Segment 3: Clerkship phase
This curriculum phase of study is defined as the 12 months of core clerkship courses, including orientation weeks, helping with the transition to clerkships, and a longitudinal course called Clinical Reasoning, Integration and Skills for Practice (CRISP). Students are assigned to faculty coaches to aid and assist in the student's growth in clinical mastery.
April to March (48 weeks)
- Internal Medicine (12 weeks)
- Surgery (12 weeks)
- Pediatrics (6 weeks)
- Obstetrics and Gynecology/Women's Health (6 weeks)
- Family Medicine (4 weeks)
- Psychiatry (4 weeks)
- Neurology (4 weeks)
- CRISP (longitudinal throughout the 48 weeks)
- Ascension St. John
- Beaumont/Oakwood Dearborn
- Detroit Medical Center
- Henry Ford
- Michigan Health Professionals
- Veterans Affairs
Overall clerkship focus
Globally the core clerkships cover the basic specialties, but in each, the student learns the basics of patient care and clinical skills. Each clerkship exposes the student to a different set of patients and diseases, in addition to the different aspects of specialty care. The student will have the same clinical responsibilities and goals in each clerkship, but will grow them a little differently in each clerkship. In addition to providing experience, exposure and instruction in the commonly seen clinical diseases in primary care and general medicine, the student is exposed to specialty areas that will help in the career planning for the next phase of training.
A four-week clerkship that encompasses the comprehensive and longitudinal care of patients with a special emphasis on care of individuals in the context of families and communities. This is primarily an outpatient rotation, working with preceptors throughout the city and metropolitan area of Detroit. This clerkship provides an opportunity for students to learn about the comprehensive care of adults as most are matched to a single preceptor.
12-week clerkship experience including in-patient and ambulatory exposure. Students will be placed on inpatient services where they work daily with a team of residents and faculty. There are three to four weeks of ambulatory general and specialty medicine included in the rotation. Students are responsible for admission workups, daily care of assigned patients and taking a lead role in coordinating patient care.
This four-week clerkship is designed to teach medical students the principles and skills needed to recognize and manage neurological disease. Students will learn to perform a thorough neurologic history and examination by the completion of this rotation.
Obstetrics and Gynecology/Women's Health
A six-week clerkship is an introductory experience in women's health. Students will spend three weeks in Obstetrics, spending time on busy Labor and Delivery wards, and three weeks in Gynecologic Surgery, both inpatient and outpatient.
This six-week clerkship is divided into inpatient, outpatient and newborn nursery blocks. Students will spend the majority of time in pediatric outpatient offices learning the care of the common diseases of childhood, the basics of taking care of young patients, and growth and development milestones and evaluation.
In this four-week clerkship, students will participate in the care of patients with psychiatric disease in several settings, depending on the clinical campus. They will be able to demonstrate skills in the psychiatric interview, the psychiatric workup, manifestations of psychosis, cognitive impairment and differential diagnosis of substance-related, schizophrenia, mood, anxiety and personality disorders.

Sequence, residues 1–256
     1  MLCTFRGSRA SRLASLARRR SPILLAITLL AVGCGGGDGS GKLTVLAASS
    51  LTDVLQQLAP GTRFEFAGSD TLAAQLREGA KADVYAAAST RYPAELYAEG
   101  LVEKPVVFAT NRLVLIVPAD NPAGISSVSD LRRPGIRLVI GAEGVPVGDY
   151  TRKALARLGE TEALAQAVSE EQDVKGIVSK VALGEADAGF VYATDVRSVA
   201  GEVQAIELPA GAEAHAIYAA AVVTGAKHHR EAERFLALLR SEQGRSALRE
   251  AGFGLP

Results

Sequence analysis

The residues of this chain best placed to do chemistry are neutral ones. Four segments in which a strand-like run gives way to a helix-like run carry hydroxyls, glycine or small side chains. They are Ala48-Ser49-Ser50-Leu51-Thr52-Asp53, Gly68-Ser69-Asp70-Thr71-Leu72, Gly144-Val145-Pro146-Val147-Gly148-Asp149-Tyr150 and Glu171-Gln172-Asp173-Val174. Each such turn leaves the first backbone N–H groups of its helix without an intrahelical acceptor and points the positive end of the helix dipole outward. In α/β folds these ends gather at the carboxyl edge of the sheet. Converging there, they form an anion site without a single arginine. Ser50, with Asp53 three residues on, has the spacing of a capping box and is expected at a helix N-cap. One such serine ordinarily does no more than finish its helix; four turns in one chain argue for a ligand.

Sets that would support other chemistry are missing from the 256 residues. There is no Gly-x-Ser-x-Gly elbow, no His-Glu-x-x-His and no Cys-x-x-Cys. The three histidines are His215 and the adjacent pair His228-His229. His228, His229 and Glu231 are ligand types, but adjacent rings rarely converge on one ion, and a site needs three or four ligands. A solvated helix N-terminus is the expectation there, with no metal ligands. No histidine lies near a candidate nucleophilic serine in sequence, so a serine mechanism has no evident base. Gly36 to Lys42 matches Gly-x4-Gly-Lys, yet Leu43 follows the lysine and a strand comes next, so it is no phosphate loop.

The goal of this 12-week clerkship is to introduce students to the principles of caring for the surgical patient. This goal is accomplished by allowing students to participate in the care of patients in the various stages of evaluation and treatment by surgeons. These stages include but are not limited to the preoperative office or clinic visit, inpatient admission, operative procedure and inpatient/outpatient recovery. This occurs during rotations on general, trauma and subspecialty inpatient surgical services, depending on clinical site. Students will also spend two to three weeks of this rotation on the Anesthesiology service learning the approach to preoperative evaluation, intraoperative care, pain management and care of critically ill patients.
This three-week course is delivered to students prior to entering their core clerkships. It starts with a mini clerkship as the student is paired with a current M3 student for several days to gain familiarity to the life of the clinical clerk. Medical students participate in a variety of educational experiences in practical skills, clerkship patient and rounding skills, common diagnostic tests, introductory radiology and electrocardiography designed to prepare them to begin their clerkship curriculum. Recertification in BLS, professionalism and wellness sessions, and near-peer guidance for all clerkships are all included.
A longitudinal course that includes monthly sessions on clinical reasoning, interprofessional health care, continuation of the ultrasound curriculum in the clinical setting, leadership, career planning, wellness and other topics that help unify the core curriculum.
Although offered only in segment four, this is considered a core clerkship, and is required of all students. Students are assigned to busy downtown Detroit emergency rooms for a month of an involved clinical experience. This is always the most popular clerkship!